Gay Men And Lesbian Women

1165 Words5 Pages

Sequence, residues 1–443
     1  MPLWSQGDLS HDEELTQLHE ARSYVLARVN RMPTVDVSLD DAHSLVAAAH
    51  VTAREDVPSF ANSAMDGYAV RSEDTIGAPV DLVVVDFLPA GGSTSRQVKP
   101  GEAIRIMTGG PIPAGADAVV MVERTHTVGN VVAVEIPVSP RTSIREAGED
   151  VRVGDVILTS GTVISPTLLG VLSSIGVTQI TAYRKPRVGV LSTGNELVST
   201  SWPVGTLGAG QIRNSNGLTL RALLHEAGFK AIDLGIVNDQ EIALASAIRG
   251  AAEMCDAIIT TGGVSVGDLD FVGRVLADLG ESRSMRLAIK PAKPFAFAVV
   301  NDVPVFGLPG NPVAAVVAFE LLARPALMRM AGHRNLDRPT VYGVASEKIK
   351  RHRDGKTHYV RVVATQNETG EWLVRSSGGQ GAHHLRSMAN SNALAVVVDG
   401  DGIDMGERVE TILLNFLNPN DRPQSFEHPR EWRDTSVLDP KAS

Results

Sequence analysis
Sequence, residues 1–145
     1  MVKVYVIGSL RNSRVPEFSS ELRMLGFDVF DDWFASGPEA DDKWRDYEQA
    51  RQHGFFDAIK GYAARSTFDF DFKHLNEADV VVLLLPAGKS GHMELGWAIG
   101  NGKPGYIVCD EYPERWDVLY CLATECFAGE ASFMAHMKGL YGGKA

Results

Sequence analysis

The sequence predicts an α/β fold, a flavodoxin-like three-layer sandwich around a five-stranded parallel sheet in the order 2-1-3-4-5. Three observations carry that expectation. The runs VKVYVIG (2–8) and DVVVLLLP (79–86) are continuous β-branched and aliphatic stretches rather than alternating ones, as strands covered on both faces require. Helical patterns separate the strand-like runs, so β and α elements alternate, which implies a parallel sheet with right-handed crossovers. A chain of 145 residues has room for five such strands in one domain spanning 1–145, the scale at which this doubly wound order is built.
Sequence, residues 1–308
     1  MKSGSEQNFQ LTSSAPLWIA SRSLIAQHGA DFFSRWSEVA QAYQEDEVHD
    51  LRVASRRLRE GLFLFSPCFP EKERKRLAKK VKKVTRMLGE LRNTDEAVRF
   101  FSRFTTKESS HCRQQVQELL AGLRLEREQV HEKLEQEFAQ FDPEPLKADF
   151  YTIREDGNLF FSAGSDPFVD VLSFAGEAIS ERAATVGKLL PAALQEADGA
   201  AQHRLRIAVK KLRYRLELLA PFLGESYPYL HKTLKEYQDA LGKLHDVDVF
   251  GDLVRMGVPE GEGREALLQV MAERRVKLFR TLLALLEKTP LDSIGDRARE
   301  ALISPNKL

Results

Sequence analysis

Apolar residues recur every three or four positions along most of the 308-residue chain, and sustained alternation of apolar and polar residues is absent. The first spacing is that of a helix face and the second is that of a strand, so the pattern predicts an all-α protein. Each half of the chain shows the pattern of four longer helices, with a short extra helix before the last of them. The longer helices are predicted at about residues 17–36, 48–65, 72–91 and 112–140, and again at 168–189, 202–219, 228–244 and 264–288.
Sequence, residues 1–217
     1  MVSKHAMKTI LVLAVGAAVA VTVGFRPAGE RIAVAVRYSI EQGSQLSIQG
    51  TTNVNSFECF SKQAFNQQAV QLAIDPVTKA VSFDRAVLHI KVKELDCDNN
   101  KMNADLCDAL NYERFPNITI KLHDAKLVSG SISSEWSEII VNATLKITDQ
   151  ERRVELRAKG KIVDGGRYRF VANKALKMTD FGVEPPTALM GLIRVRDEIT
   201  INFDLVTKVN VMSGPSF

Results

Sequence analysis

Throughout history gay men and lesbian women have been known to live lives of denial and secrecy, always in fear that they would get “caught” being gay. If caught it meant a number of things, people were fired from their jobs, their families excommunicated them, they might be committed to an institution for their “condition”, lives were ruined and some even committed suicide as a means of escape for the backlash they would endure if outed. The twenties were known as a time for the “Twilight World” for gay people, they were only able to show their true feelings and true selves in the late hours of the night in clubs that they knew they would be safe in. Gay people started leaving their small home towns and moving to gather in groups in big cities like The French Quarter in New Orleans or Harlem, New York. This was the beginning of the homosexual underground because they now lived in cities where there were freer social norms and more liberty to do as you pleased. Gladys Bentley, a famous musician and a well-known lesbian, married her longtime girlfriend in the twenties, and this was a very big deal. Lesbian themed books and plays started appearing like bestselling “The Well of Loneliness” and Broadway play “The Captive”. However, along with this surge of lesbian themed literature also came laws against it. The state of New York quickly outlawed overt references to homosexuality on stage; there was a small amount of tolerance as long as the word lesbian was not directly used. In the thirties Doctor Magnus Hirshfeld, a sexologist, did work in Germany so that men could dress as women, as long as they were properly identified and registered to do so. Hirshfeld stated, “Beneath the duality of sex there is a oneness. Every male is potent... ... middle of paper ... ...d they gained power by uniting together and becoming one. Recently, President Obama designated Stonewall and the surrounding neighborhood as a National Historic Site. This signifies what the men and women of the Stonewall Riots accomplished. It shows that these men and women made a difference by standing up and no longer taking the abuse. What they did the night of June 27, 1969 and the days following, not only changed things for themselves, but it changed things for all gay men and lesbians women and everything in between in the future. By declaring Stonewall Inn a historical site, he is acknowledging these peoples efforts and showing them that they made a difference and that everything they went through to get to where they are now, was not in vain. It’s an amazing thing how far not only gay society has come but how far society in general has come, just since 1969.

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